Well, Doc, my mom thinks I spend way too much time gaming (which is probably true), and she isn’t one of those psycho anti-gaming parents that thinks games should be purged by purifying holy fire, she just wants me to go out more and meet new people. The problem is way back in my elementary school days kids decided that being douche bags to me was awesome, so now I’m extremely cautious about talking to new people and have trouble carrying conversations with people I don’t consider friends. Which, as you may be able to guess, puts a big damper on what she wants me to do.
I’m in no way one of those social recluses that puts blackout curtains on all their windows and hisses at sunlight. I go out every Friday to an MTG draft and try to get together with some friends to play D&D as much as possible, but most of my week is spent inside on my computer. Do you have any helpful tips so I can get out and not be so damn nervous about talking to people? To put it into perspective a bit more I’ve worked at my job for a little over a year and barely speak to anyone there.
In my experience, social issues can be a big factor in intensive videogame play. Some folks come to gaming with significant anxiety and find relief in engrossing games. They enjoy a new kind of social connection where it’s possible to share only a part of themselves, or project a persona more consonant with who they want to be, rather than who they actually feel they are.
I have known some people who have a very active online social community developed through gaming that includes many real life friends and some online relationships. Parents are naturally skeptical because they don’t see how playing a game on the internet could really be “hanging out with your friends,” but for growing numbers of kids, that’s just what it is.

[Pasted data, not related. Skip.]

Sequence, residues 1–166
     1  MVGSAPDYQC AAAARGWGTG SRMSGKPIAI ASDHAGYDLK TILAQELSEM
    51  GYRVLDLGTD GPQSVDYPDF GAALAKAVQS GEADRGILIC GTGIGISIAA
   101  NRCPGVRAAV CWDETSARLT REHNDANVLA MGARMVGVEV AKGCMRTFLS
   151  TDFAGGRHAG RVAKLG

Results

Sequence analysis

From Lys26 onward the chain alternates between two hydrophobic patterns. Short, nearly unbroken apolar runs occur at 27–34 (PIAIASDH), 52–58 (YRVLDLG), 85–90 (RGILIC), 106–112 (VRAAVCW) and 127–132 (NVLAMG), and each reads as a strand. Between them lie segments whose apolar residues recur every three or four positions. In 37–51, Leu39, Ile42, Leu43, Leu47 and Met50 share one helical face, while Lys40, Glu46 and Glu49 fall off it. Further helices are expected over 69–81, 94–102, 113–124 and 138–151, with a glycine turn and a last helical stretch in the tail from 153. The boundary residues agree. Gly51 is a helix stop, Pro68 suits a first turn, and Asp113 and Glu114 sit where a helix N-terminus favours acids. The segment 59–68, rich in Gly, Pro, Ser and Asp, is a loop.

In your case, it seems like gaming has been a place to retreat from aversive experiences and feeling comfortable only with certain groups of people in particular situations. It’s a good sign that you realize these limitations are problematic – it can’t be a good thing to barely speak to your co-workers after a year on the job.
I think the most benign way to address this problem would be to try expanding your comfort zone gradually. Perhaps you could arrange to do some things with your MTG or D&D friends that would involve meeting new people or going to new places. Each of these experiments would be intentionally contrived to put you in a situation where you would have to stretch a little bit. You’d have to push yourself to overcome your inhibition to talk to new people. Hopefully, you would get some positive results and your discomfort would slowly diminish. It might help if some of your friends were better at this, and you could, at least in the beginning, try to emulate one or two of them. There’s no harm in a little acting if it primes the pump. You may not feel like yourself, but you may start to feel calmer and more confident in these situations.
Your Mom is probably hoping you will start to develop a community and some significant relationships that will help you move forward in your life. Most parents are happy when their adult kids move out and show they can handle an independent lifestyle.